The relatively new point system in the competitive world of philatelic exhibiting in North America as defined by the APS Manual of Philatelic Judging and Exhibiting, Seventh Edition (revision dated October 2019), allows 10 points (or 10 percent of the point total) for personal study and research. How does one rake in those 10 points? We will try to explore that question.
Research is defined as the activities the exhibitor has used to present new facts related to the items in the exhibit.
Personal study is defined in the exhibiting manual as the activities the exhibitor has conducted to understand the exhibit subject and the items used in the exhibit. The evidence of the exhibitor’s comprehensive study is the analysis of items provided, or aspects of the subject beyond mere description: by using census figures, reaching new conclusions, or relaying new findings.
Early and late dates of use, plate flaws, plating, and print sequences are all examples of philatelic knowledge gained by personal study, just to name a few. The exhibitor can also demonstrate expertise on the subject matter by the depth of the information provided in the narrative.
In areas where there has been considerable research by others (secondary research), it is better for the exhibitor to show evidence of extensive personal study in place of original research.
In practice, judges evaluate original and secondary research together, but they should reward significant original research when the exhibitor plainly states it. It helps to delineate the exhibitor’s research or discoveries by tasteful indicators in the exhibit, such as the obvious phrases “Personal Research” or “Discovery Copy” in very small type next to the item; or, I suggest the use of a small icon such as a tasteful small magnifying glass icon or an open book icon.
Defining excellent study and research in an exhibit
The exhibitor’s analysis of items should demonstrate knowledge of their significance to the exhibit. Conclusions provide information in the exhibit. Where appropriate, the exhibitor should present logical deductions and inferences about the illuminating information in the exhibit. The exhibitor preferably indicates where they have done personal research and/or where they made new discoveries.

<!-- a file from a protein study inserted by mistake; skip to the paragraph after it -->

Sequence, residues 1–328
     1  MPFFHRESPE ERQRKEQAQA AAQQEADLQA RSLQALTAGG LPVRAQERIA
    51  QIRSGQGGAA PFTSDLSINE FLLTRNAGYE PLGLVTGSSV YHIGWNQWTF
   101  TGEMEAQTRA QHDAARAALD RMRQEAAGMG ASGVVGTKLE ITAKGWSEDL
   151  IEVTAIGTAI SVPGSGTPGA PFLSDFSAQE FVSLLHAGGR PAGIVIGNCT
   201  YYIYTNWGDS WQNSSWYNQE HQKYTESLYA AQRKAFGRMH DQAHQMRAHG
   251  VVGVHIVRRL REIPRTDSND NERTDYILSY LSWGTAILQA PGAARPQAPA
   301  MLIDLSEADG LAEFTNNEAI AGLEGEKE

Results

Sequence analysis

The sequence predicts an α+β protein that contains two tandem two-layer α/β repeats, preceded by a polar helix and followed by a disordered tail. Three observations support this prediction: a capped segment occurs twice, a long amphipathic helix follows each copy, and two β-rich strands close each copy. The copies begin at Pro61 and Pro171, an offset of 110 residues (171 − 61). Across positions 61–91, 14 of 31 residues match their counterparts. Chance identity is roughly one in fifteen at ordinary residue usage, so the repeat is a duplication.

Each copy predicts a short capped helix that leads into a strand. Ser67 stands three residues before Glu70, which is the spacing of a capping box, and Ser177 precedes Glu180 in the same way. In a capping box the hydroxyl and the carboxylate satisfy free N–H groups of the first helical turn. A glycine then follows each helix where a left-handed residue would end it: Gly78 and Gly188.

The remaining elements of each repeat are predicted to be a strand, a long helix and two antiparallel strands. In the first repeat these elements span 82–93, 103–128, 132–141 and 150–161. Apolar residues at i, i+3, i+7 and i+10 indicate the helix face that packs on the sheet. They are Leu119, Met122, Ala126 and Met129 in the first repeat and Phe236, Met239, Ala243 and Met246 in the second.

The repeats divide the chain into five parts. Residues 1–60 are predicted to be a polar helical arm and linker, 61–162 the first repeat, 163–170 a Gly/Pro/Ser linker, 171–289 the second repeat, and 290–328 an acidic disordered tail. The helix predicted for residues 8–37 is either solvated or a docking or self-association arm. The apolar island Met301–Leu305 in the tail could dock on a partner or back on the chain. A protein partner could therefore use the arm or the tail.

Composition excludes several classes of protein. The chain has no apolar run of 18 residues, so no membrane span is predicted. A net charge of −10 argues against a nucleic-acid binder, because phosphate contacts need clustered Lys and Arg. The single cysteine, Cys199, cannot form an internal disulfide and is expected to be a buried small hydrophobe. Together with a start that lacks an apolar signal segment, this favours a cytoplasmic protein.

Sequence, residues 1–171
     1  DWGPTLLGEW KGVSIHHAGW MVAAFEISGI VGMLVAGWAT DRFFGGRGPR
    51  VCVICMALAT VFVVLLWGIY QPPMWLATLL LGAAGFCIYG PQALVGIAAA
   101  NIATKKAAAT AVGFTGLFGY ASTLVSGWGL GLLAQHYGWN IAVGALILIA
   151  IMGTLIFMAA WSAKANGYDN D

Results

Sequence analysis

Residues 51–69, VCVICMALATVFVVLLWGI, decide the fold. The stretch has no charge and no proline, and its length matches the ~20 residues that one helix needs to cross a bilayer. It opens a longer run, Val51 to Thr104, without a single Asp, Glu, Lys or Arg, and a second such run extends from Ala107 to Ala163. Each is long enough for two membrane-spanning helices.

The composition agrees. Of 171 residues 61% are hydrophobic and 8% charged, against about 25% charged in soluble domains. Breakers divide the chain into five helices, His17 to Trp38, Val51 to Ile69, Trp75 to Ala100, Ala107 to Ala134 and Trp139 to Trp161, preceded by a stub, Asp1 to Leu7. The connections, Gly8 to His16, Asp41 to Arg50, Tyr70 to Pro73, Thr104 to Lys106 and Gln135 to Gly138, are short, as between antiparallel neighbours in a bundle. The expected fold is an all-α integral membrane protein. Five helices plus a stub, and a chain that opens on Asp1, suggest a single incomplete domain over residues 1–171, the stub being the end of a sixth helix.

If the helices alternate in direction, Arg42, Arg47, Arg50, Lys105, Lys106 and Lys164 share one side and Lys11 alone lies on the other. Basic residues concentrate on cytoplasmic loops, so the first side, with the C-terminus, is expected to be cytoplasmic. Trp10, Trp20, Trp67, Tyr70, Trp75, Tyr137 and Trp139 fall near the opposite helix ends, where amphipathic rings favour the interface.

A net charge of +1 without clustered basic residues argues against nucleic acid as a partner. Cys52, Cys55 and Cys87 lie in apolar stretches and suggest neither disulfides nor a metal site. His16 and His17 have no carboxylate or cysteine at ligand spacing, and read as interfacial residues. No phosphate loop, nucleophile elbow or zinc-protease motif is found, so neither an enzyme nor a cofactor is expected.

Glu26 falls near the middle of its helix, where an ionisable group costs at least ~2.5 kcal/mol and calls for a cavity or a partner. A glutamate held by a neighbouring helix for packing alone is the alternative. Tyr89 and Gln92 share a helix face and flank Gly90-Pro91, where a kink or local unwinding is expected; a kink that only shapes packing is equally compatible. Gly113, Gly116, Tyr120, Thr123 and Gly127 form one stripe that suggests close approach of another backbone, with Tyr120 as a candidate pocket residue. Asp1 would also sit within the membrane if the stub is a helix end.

Research in the simplest terms is searching for knowledge and searching for philatelic truth. In a formal sense it is a systematic study of a problem attacked by a deliberately chosen strategy that includes:
- Choosing an approach
- Preparing a blueprint (design)
- Acting upon it in terms of designing research hypotheses
- Choosing methods and techniques
- Selecting or developing data collection tools
- Processing the data
Hopefully the conclusions aid the exhibit’s story line and add a level of knowledge.
As an example, here’s how I approached the research process of my own exhibit about Dining Cars (Figure 1).
First, I identified all known postcard publishers of dining car postcards. Secondly, I researched all U.S. and Canadian railroads that utilized dining cars. Using the insignias of both the printers and the RR’s, I was able to reflect this research in the exhibit.
This exhibit has won the Best Research Award at a World Series of Philately shows.
Another definition of research is provided by well-known research authority John W. Creswell, who states that “research is a process of steps used to collect and analyze information to increase our understanding of a topic or issue.” It consists of three steps: pose a question, collect data to answer the question, and present an answer to the question. I suggest this is a fine working definition for philatelic exhibiting in almost all cases.
The Merriam-Webster Online Dictionary defines research in more detail as “studious inquiry or examination or investigation or experimentation aimed at the discovery and interpretation of facts, revision of accepted theories or laws in the light of new facts, or practical application of such new or revised theories or laws.” This is not a bad definition to comprehend and employ.
So, we have worked our way though the serious definitions and now we can turn to fun concepts for our exhibiting.